[1:36] Ole says that the app MX created has about 1500 images is probably one of the best digital coffee table books you have ever had. The real bonus though: when you are watching the film on your device with the app open, the app displays galleries of images used to create the scenes and other background information. Users can also explore at their own will or re-sync to the movie.
[1:33] Ryan says that they are looking to grow their team. Having done film apps and previously doing book apps he says that developers should price their content at what people are going to pay for it. If your content is that good that you can charge $20.99 or $14.99 then go for it.
[1:32] Ryan shows the film, "The Tunnel" which has all of the items that used to make up the criterion collection that used to appear on DVDs, but since the advent of Netflix there are fewer and fewer films that include these features.
[1:31] The DVD is dead. Blu-Ray is dead, Ryan says. MoPix is here to make it easy for any level of creator to build their very own app to distribute their product. Users can choose what type of platform they want to make their app for from the iPhone, Kindle Fire to the iPad.
[1:30] Ryan Stoner, CEO of MoPix, takes the stage to talk about MoPix's content platform to replace DVDs.
[1:28] A lot of people look at the app and say that even though it's a beautiful interface, couldn't anyone do it? But power to create such a product comes from hours and hours of data management. Showyou has been featured by Apple multiple times.
[1:26] Yesterday, 4.1M videos through user feeds on the Showyou app. Mark says that users can find videos from authoritative sources like your favorite blogs.
[1:22] Mark Hall, CEO of Remixation creators of the Showyou app takes the stage. Mark says that over the next week there will be more video uploaded to YouTube than you can watch in your entire life. He says the tablet should be the best device to consume this content, but we are already overwhelmed by it. How do you make sense of it?
Showyou lets you sign up with Twitter or Facebook with one touch signup on iOS 5. Showyou shows videos from friends and other sources right away. Users can respond retweet and share videos with their friends.
[1:20] Danfung says he is talking to Bloomberg, National Geographic and Frontline on pricing and using the product for their own purposes.
[1:19] He says that Condition One sees other companies moving in to this same space but they are just repackaging the material. They are using it in journalism, but it can be applied for use in extreme sports and travel. Condition One is purely a B2B model and is looking to license the software to other companies. They provide consultations on how to record the videos and embed their fully immersive video on the company's app. Condition One will be released in the app store soon he promises.
[1:17] Danfung then demonstrates the power of the app, by moving left or right the window pans and puts the viewer in the scene. Then by holding the device and moving up, down, left and right the viewer is immersed in Condition One scenes that are fully viewable from all angles. He says that the idea is to create an emotional connection to the actions as they take place by putting the user in control of the scene as if they were there.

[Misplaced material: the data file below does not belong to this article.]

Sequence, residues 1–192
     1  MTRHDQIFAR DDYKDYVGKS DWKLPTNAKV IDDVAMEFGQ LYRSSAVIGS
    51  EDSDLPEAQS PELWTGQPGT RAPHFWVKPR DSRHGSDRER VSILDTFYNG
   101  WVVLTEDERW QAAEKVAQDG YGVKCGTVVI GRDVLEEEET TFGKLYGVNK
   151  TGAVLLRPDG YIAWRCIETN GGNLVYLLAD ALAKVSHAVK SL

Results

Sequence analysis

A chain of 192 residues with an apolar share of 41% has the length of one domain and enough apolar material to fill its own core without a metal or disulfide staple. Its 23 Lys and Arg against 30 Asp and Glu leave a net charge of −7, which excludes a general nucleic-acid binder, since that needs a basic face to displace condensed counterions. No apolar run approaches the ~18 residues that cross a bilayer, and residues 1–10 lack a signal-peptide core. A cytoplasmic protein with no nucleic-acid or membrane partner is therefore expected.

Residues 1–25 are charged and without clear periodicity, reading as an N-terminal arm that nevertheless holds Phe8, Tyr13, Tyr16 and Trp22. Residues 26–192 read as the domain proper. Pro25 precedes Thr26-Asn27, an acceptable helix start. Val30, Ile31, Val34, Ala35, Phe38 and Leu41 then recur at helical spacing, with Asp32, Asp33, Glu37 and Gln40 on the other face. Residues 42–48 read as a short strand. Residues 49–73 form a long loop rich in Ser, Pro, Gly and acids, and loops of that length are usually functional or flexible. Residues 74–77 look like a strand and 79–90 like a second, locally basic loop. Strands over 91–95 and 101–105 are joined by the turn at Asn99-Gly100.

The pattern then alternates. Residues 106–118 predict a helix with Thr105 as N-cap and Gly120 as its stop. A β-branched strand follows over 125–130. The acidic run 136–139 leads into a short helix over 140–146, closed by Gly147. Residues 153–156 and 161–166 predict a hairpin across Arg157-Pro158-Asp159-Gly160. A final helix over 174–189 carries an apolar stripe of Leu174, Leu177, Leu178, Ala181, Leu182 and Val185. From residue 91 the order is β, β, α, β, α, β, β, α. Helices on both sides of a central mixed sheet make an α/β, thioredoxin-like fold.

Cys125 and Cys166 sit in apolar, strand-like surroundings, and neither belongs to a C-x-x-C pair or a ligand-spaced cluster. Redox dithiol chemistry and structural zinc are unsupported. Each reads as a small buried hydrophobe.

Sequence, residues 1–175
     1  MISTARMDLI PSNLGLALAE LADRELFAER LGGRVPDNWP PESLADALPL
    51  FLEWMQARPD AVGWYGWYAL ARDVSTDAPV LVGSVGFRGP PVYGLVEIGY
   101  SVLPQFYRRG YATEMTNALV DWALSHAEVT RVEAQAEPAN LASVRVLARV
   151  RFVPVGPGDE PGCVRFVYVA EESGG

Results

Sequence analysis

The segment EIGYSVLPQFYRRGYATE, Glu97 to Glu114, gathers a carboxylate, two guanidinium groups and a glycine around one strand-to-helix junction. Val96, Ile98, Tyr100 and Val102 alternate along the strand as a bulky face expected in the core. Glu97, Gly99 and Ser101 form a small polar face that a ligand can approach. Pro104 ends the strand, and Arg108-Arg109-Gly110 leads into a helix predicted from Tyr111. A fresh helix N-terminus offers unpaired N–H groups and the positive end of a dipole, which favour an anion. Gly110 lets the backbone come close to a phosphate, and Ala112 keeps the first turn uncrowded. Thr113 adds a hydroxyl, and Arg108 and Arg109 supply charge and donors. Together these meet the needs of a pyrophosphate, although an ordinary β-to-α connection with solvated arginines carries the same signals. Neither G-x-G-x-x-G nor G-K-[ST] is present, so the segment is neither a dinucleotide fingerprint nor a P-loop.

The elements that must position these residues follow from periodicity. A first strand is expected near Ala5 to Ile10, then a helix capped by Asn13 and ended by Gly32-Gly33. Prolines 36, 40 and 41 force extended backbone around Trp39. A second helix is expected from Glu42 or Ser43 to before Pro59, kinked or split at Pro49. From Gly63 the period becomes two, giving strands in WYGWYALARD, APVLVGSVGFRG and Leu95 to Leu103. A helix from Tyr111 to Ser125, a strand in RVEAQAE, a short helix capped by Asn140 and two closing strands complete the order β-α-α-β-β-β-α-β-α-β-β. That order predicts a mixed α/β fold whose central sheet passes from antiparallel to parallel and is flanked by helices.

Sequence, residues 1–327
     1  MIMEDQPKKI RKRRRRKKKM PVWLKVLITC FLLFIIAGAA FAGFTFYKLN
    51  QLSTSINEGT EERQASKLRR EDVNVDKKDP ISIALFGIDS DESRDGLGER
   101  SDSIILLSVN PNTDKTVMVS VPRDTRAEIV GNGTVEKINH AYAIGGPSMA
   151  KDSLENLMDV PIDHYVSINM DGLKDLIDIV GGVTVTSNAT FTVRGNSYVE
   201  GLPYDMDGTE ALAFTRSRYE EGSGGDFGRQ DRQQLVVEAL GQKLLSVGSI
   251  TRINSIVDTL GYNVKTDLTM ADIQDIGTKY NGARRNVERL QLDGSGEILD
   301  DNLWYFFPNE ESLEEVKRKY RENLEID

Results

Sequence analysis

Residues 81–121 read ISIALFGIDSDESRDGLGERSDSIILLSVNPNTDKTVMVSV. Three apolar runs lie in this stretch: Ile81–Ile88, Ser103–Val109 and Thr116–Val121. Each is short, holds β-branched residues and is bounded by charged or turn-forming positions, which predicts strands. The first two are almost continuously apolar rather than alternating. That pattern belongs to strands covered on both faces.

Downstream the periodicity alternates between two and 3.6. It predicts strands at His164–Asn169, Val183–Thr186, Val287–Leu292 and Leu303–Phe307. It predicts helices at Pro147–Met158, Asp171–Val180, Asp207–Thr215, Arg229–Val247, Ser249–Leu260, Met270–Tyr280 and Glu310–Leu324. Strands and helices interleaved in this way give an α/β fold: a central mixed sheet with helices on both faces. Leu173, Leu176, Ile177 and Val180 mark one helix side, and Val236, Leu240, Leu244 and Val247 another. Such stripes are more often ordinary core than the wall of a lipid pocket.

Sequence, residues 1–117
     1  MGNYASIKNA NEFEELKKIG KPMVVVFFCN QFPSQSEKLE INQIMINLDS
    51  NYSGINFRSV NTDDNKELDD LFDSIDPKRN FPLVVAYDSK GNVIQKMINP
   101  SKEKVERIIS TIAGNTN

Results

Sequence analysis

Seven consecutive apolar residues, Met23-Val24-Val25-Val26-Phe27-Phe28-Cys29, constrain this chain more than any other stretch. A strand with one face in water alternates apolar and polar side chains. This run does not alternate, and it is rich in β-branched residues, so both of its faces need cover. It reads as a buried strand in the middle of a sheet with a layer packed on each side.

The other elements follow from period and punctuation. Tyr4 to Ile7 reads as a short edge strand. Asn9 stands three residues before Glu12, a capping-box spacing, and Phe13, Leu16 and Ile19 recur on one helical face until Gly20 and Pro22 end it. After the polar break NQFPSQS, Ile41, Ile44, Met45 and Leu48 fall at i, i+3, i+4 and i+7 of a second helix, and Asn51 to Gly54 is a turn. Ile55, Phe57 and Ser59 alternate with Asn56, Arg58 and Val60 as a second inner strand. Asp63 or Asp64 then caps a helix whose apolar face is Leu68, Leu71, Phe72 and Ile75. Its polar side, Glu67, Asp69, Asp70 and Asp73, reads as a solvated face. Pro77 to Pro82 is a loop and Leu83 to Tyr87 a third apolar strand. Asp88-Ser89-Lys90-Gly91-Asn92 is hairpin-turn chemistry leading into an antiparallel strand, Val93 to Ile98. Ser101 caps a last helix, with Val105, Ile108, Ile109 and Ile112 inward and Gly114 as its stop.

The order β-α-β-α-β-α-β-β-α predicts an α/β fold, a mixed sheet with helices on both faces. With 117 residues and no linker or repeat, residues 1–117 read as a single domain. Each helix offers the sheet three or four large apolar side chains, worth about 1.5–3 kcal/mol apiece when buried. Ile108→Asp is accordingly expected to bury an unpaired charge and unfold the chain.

[1:15] Danfung has been working in Afghanistan and Iraq since 2001, but even though his images were being printed. In July 2009, he was embeded with a helicopter company dropped back behind enemy lines. He turned that footage turned into a 90-minute film. But even that film doesn't really do the actual event justice so he developed a new camera to capture the action and put togther a team to build the software.
[1:10] We're back! The first presentation after the lunch break will be Danfung Dennis, CEO of Condition One.
[12:45] Mingling at lunch. The next session should begin in about 15 minutes.
[12:00] Lunch break. The next session begins at 1 pm and will feature Danfung Dennis, CEO, ConditionOne; Mark Hall, CEO of Remixation, Showyou app; Ryan Stoner, CEO, MoPix (Transcendant Man); Ole Lutjens, chief creative officer, MX; Joe Robins, community evangelist, Unity Technologies.
[11:57] So you have brought the patient doctor relationship together, increased awareness, but where do you see the future into the medical device space? an audience member asks Drchrono and JiffPad.
James Currier of JiffPad says, that they're opening up an API to facilitate the usage across multiple devices and once the interface becomes simple enough for everyone to use there will be high adoption.
[11:50] Will Mason, of Vibe.Me, asks if Idea Flight is WiFi based technology or if it can be done on a grander scale.
Peter says that Idea Flight currently only works on WAN or Bluetooth but they found that the WiFi network between several of their own company's building were able to present to another person in a different building over the phone using Idea Flight.
Peter says they are still learning about their product and what they will do next so the possibility of licensing the technology to incorporate it with other apps.
[11:48] How do these companies get user testing together? an audience member asks.
Jason Baptiste of OnSwipe says companies should bring in a child to play with your product because it's basically the same as having beta testers. You'll find out what people can discover on their own and how simple your product actually is.